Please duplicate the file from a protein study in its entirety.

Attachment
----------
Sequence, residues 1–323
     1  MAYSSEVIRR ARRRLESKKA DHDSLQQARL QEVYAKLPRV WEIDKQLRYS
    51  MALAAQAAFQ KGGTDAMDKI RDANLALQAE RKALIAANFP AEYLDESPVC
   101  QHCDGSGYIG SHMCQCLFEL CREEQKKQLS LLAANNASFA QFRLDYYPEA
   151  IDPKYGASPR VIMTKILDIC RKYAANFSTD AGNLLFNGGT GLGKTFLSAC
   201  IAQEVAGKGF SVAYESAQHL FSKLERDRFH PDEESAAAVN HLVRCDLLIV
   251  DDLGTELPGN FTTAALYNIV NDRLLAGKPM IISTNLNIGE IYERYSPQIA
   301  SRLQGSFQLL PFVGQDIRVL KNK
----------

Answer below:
Sequence, residues 1–323
     1  MAYSSEVIRR ARRRLESKKA DHDSLQQARL QEVYAKLPRV WEIDKQLRYS
    51  MALAAQAAFQ KGGTDAMDKI RDANLALQAE RKALIAANFP AEYLDESPVC
   101  QHCDGSGYIG SHMCQCLFEL CREEQKKQLS LLAANNASFA QFRLDYYPEA
   151  IDPKYGASPR VIMTKILDIC RKYAANFSTD AGNLLFNGGT GLGKTFLSAC
   201  IAQEVAGKGF SVAYESAQHL FSKLERDRFH PDEESAAAVN HLVRCDLLIV
   251  DDLGTELPGN FTTAALYNIV NDRLLAGKPM IISTNLNIGE IYERYSPQIA
   301  SRLQGSFQLL PFVGQDIRVL KNK